Friday, 24 August 2012

A THOUSAND WORDS DVD review

And so, Eddie Murphy's latest 'comedy' arrives straight to DVD, and with it, poor word of mouth and extremely low expectations. When a loudmouth finds out he only has 1000 words left to say before he dies, he starts to choose who he speaks to very carefully.



Directed by Brian Robbins (who gave us the previous Murphy vehicles Norbit and Meet Dave), A Thousand Words has sat on a shelf for three years whilst someone decided what to do with it. First it was going to cinemas, then to DVD, then to cinemas again and finally it's out on DVD. I say finally, but really the only people who were anticipating it were those who wanted to see how bad it was. I'll count myself among those people, and although A Thousand Words is far, far, far away from being any good, it doesn't quite deserve the poor treatment it's been given. I'd certainly rank it higher than Norbit and perhaps also Meet Dave, and they both made it into cinemas.

There's a common consensus that Eddie Murphy stopped being funny when he stopped being so foul mouthed and started aiming his films towards a family friendly market. That being said, anyone who's seen his incredibly small minded AIDS stand-up routine in Delirious knows there's been times when Eddie Murphy should just shut up completely.

Here, in the tradition of Liar, Liar's high concept 'failing family man meets cruel and unusual social torture' formula, Murphy stars as Jack McCall, a big shot literary agent out to sign up Dr. Sinja, a mystically vague guru who is becoming the toast of the west coast and has just written a new book. As Jack negotiates a deal without having read Sinja's book, up springs a magical tree with 1000 leaves on its branches; each one counting for a word Jack has left to say.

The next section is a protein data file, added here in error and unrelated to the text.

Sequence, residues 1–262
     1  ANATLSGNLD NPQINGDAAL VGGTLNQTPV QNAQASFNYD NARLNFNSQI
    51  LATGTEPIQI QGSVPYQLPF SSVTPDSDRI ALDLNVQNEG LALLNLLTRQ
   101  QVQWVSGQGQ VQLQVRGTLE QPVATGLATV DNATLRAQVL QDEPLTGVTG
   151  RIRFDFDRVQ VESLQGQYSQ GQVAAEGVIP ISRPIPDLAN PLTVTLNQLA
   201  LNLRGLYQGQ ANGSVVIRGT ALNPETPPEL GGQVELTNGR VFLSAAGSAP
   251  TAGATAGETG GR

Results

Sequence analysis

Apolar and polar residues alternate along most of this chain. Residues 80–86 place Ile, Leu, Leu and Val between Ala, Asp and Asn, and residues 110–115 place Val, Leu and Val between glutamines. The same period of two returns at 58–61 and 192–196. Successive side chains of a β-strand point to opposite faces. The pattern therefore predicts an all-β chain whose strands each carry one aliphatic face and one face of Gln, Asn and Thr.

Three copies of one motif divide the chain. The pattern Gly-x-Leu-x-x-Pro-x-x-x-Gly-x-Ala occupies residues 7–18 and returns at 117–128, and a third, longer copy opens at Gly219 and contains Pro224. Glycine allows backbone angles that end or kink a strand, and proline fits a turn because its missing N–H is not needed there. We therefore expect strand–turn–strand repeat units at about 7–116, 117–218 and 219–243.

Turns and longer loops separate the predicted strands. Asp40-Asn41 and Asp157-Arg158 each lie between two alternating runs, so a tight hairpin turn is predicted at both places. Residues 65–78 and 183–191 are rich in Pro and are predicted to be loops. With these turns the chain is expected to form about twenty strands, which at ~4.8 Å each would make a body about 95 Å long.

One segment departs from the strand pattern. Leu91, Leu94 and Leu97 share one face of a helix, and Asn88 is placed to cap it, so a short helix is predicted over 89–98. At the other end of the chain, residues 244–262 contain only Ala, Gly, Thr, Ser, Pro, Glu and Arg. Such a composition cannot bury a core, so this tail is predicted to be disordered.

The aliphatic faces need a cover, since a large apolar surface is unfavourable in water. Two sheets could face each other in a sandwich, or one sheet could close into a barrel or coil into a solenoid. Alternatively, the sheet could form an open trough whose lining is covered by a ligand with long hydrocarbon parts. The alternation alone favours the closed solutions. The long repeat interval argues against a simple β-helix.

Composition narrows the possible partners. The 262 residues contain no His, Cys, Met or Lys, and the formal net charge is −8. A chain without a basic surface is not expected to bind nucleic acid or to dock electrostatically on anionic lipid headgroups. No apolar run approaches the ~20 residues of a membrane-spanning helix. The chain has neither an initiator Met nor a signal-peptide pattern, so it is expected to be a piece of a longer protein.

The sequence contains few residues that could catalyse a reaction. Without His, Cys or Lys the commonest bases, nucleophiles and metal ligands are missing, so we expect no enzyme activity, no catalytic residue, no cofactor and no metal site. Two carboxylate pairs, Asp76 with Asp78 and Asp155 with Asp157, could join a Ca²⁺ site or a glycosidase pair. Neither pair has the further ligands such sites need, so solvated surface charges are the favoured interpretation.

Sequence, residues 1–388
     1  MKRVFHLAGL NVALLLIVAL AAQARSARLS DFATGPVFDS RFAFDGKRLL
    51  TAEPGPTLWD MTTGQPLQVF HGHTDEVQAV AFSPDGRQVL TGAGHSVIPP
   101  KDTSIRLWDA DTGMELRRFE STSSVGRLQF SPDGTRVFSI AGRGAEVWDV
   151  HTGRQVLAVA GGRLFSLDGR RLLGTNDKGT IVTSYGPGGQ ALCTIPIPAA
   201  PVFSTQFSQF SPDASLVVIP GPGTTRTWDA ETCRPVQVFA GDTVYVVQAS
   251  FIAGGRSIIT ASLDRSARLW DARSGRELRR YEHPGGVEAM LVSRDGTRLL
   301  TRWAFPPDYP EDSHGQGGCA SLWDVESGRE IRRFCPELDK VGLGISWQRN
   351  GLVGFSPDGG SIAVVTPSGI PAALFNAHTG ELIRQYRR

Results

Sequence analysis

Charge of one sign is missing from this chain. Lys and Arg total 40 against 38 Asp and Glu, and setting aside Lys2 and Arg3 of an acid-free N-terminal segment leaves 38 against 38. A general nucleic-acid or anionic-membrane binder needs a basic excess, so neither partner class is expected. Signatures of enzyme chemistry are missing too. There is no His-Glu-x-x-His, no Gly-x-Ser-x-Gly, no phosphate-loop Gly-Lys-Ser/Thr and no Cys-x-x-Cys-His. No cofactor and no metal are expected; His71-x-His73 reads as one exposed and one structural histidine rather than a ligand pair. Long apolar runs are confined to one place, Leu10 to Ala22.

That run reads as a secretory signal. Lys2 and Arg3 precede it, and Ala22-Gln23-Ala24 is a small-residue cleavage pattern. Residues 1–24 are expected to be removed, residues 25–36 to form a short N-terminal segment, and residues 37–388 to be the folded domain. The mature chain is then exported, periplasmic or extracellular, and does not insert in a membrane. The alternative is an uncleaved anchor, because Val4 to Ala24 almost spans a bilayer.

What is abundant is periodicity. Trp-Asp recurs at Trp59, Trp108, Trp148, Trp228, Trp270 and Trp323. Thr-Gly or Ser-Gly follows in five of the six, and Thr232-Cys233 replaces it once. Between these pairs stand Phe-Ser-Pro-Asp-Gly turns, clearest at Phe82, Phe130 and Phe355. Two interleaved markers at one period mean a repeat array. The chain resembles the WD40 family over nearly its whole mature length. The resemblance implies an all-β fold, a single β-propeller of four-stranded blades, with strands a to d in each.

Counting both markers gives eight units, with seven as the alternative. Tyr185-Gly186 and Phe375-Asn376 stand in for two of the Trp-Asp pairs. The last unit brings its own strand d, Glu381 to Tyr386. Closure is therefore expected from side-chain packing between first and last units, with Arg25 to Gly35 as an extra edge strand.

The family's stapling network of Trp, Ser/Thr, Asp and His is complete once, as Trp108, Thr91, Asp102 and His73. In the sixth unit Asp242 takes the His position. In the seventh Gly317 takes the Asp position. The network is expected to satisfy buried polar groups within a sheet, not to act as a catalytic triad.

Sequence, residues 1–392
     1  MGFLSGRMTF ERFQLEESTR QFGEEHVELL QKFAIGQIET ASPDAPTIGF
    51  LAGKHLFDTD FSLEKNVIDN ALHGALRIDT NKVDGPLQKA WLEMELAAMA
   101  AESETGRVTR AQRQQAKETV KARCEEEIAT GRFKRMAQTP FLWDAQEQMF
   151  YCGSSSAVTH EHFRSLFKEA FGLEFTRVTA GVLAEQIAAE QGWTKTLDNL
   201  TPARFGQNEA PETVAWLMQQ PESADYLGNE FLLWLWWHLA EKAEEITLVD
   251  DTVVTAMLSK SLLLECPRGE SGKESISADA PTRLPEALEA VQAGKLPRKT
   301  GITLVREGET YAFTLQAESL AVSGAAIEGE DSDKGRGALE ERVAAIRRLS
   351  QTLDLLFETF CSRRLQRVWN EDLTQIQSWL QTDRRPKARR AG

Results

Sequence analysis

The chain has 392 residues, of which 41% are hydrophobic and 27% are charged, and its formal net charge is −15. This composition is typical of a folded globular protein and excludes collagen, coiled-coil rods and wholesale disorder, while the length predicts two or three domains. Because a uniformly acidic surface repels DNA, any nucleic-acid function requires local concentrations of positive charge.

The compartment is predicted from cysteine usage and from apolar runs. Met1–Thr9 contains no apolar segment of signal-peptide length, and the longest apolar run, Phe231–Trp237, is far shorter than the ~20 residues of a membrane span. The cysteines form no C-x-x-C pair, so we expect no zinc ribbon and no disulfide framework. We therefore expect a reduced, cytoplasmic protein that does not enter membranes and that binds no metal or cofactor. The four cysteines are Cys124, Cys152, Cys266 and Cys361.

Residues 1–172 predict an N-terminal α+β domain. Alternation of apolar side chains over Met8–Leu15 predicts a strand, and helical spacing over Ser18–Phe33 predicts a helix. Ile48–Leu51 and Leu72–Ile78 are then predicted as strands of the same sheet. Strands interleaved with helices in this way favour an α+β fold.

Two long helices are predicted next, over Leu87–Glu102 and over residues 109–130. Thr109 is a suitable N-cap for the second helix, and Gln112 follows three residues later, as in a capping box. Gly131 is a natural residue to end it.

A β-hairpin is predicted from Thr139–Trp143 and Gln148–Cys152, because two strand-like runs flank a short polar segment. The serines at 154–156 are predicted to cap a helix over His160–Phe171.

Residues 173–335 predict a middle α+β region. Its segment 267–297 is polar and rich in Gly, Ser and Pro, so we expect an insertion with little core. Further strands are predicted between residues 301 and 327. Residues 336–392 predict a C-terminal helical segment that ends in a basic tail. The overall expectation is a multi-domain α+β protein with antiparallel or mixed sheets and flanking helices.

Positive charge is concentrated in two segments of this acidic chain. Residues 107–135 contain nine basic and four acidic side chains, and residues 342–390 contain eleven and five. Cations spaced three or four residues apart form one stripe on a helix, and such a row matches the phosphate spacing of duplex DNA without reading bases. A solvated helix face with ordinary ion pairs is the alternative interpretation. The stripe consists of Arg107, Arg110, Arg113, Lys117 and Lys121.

I wouldn't expect a big hollywood star to appear in a film that's so negatively self referential, but A Thousand Words might just be the ultimate statement of what's wrong with Eddie Murphy's career today; when he became over reliant on physical comedy in favour of his foul mouthed persona. I wouldn't dare claim that Murphy can't do physical comedy well (the moment in Trading Places where he reveals himself to not be a crippled 'Nam veteran is a classic), but when you take the chatterbox away he becomes a lot less appealing. Although Murphy's character starts the film as a live wire careersman who's only initial signs of having a soul are that he goes to visit his Alzheimer's suffering mother, once he actually starts to get sick from listening to the sound of his own voice and shuts up, all we're left with is a leading man without the use of his greatest comedic asset.

If I can offer a strange comparison, it's like in Drive, when Ryan Gosling and Carey Mulligan have scenes where they do little else but look at each other, because the subtext is clear and things don't need to be said; here, we have Eddie Murphy doing sad eyes towards his frustrated wife who doesn't understand what he's trying to say because without his voice, he's incapable of expressing anything close to a real emotion.

The film is able to raise one or two chuckles, mostly from Jack's assistant played by Clark Duke, but bogged down with the hokey mysticism of Cliff Curtis' guru and an unbelievably soppy final act as Jack starts to learn the real meaning of family; instead of leaving me wondering what I would do if I only had 1000 words left to say, it left me wondering how many schmaltzy crap family movies Eddie Murphy would try to make within that remit.

Verdict




Special Features:
+ Deleted scenes

No comments:

Post a comment